Yup, about five weeks.  I started my pump 3/12 and just recently on 4/20 got 0.0 Ammonia.  I'm cycling at ambient temps in a greenhouse at 39 N. Lat. in central Indiana.


I had way overdosed my water with pee and had to flush some.  My baby plants got Ammonia shock, turned partly yellow and went to seed.  I remember how long the water seemed to stay nailed >8.0 ammonia with no conversion.  Nitrates will increase suddenly when they show up. 


My stats:

12 x 17' greenhouse,  Latitude 39.17, Bloomington, IN. U.S.

pics at

60 g. bathtubs CHOP (no fish or fish tank yet)

two grow beds, (one of lava rock, one of igneous gravel)  expect to have
8, probably of Hadite expanded shale

90g sump

Limestone buffered rainwater from poly film greenhouse roof, poly drum.
(our city water is poison)

Pump: 810 GPH Submersible Mag Drive _

_Started 12 min./ cycle 3/12/11 humonia, worm tea, aerated compost tea,
powdered kelp & 1cap liquid kelp w/iron,

Air pump: Aqua Culture Mk-1504 3.5 W (small). Soon to be Active Aqua 110

Bell siphons misbehaving, hope to replace with FLOUTs or some other means.

Started testing water 3/31

High Range PH 8.0
Ammonia        >8.0ppm (deep blue off chart)  have added way too much
pee, stopped  now  till that figure comes down.
Nitrite               0.25ppm
Nitrate               0.0

added live worm culture on the bed.

4/9 test:
HR PH             8.2
Ammonia       >8.0 ppm
Nitrite              2-5 ppm
Nitrate           >20 ppm

added 3 adult house plants to soak up some Nitrate (I'm not sure if i'm
getting ammonia conversion or if the house plants & worm bin contributed

4/11 test:
HR PH             7.4  cuz i added rainwater @ 6.0 ph.  My limestone
buffered rain water is 7.0 to 7.4
Ammonia        >8.0   If any conversion, Ammonia is still too high to
show a difference.

Grow bed has baby Bok Choy, baby Spinach, 3 medium sized house plants.

Thanks again for the responses.  I double checked with the water company and they use chlorine rather than chloramine. I was hoping not to need to heat the water.  This is just a small trail system and I am going to use goldfish. I have some time to be patient for now.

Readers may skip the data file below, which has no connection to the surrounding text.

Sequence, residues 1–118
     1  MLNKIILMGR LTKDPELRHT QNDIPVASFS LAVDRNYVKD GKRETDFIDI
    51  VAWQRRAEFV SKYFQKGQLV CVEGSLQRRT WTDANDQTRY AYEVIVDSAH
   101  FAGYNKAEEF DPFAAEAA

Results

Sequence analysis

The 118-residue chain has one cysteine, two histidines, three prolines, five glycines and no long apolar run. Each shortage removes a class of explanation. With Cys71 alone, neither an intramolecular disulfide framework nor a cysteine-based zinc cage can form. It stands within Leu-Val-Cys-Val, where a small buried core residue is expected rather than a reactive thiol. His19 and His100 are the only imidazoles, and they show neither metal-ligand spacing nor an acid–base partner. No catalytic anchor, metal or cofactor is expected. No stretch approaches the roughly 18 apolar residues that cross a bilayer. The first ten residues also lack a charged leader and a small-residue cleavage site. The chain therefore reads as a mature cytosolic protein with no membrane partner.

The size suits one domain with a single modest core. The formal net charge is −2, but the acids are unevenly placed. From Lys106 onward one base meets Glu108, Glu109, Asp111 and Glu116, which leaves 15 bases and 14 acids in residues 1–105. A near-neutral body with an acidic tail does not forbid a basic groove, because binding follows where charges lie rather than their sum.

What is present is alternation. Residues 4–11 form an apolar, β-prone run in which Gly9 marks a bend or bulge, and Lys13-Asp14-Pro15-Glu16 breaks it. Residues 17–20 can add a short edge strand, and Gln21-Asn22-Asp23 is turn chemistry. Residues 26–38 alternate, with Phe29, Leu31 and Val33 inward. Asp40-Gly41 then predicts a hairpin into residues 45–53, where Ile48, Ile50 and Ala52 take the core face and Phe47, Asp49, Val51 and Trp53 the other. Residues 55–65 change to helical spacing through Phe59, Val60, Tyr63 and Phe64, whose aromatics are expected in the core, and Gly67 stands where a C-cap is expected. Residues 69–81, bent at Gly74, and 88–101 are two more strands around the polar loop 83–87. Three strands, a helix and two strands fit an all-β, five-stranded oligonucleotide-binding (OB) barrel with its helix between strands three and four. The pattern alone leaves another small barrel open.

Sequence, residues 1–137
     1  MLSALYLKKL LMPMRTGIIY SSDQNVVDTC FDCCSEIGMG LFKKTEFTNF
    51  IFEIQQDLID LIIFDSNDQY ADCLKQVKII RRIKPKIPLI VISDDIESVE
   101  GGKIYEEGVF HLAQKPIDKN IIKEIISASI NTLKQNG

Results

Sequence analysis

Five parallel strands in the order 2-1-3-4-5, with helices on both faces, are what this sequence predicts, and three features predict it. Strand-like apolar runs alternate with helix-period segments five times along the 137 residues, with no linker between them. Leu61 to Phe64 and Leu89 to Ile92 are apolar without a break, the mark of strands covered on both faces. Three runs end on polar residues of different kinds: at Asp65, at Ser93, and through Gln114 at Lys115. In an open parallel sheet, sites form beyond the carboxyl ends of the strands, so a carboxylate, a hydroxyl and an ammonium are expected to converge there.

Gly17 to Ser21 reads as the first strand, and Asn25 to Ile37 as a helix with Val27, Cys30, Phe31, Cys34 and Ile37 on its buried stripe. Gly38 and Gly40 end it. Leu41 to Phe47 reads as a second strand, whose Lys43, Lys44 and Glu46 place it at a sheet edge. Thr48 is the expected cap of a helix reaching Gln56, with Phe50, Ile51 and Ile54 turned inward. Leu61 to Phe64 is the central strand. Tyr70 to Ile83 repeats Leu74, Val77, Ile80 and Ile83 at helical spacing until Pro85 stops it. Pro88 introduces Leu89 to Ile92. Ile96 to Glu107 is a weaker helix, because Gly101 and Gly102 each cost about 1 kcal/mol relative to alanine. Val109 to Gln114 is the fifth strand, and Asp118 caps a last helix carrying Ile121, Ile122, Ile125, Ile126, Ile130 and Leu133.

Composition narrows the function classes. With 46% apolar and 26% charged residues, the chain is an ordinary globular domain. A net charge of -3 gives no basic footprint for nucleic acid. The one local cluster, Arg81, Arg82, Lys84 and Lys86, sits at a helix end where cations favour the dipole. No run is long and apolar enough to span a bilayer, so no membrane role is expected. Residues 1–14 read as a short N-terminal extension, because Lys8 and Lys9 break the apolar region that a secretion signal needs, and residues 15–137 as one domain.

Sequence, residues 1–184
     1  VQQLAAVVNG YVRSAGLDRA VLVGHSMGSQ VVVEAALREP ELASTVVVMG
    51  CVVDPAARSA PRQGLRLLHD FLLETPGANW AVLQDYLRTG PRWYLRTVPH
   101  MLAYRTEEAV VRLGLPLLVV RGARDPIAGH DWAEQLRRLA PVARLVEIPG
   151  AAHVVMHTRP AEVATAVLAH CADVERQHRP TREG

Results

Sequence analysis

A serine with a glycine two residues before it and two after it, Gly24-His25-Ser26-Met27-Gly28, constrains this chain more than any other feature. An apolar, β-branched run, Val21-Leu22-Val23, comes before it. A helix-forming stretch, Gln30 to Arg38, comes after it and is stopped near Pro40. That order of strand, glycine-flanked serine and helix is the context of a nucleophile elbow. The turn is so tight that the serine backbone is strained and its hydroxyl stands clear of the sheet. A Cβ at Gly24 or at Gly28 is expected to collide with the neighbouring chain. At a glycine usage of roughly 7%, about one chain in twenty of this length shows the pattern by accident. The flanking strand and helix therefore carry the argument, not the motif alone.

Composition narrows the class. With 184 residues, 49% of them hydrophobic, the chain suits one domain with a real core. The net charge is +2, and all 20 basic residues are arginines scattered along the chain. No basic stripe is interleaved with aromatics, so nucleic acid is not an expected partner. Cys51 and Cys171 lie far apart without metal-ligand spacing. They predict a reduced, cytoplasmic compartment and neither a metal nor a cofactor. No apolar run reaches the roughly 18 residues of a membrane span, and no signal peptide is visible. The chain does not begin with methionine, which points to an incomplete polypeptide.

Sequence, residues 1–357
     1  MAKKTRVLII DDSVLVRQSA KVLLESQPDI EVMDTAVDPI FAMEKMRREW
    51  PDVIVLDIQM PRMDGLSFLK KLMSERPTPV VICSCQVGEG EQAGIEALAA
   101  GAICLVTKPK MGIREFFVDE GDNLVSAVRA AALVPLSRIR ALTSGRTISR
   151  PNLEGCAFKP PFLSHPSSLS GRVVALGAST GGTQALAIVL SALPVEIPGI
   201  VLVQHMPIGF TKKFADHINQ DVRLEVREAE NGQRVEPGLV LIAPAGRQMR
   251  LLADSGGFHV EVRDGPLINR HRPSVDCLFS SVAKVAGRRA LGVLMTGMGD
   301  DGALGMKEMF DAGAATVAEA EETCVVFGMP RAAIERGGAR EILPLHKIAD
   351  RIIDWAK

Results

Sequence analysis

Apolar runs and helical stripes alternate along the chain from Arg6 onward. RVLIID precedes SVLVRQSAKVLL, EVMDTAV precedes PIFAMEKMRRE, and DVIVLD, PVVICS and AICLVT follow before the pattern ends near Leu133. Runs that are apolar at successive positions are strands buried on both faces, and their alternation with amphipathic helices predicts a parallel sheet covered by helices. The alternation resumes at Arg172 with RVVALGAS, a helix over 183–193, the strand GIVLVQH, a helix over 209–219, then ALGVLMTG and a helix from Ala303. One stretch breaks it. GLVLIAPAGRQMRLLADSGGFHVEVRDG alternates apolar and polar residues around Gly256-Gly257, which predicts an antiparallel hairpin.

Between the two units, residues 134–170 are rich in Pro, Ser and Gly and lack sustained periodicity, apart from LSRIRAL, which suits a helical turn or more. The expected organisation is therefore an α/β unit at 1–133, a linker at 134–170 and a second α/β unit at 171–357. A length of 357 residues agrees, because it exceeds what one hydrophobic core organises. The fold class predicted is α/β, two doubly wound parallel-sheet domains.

patience is key and it will work eventually
With goldfish you won't need to heat the water. Give it time it'll happen.

Patience is starting to work.   I have nitrites.   I went out of town for a week and added a few pinches of flake fish food in the fish tank since I wouldn't be there to add ammonia should the level drop.  When I got back there was still no change.   Then a few days later the nitrite test showed 0.25 ppm.   This morning I had 1 ppm nitrite.  The ammonia is still at 4.   I was expecting to see the ammonia decrease.  I am assuming that the fish food added is keeping it higher for now.  Also, since the next reading on the amonia chart is 8 ppm could it be that some of my readings of 4 have actually been 5's or 6's?


Ron your nitrites will continue to rise. I would hold all feed for a while until your ammonia drops at least to 2 and then feed once every other day until it goes to below .25. You should see nitrates by then and you system will start cranking the cycle.You are real close just watch the ammonia and regulate it by controlling fish feed imput.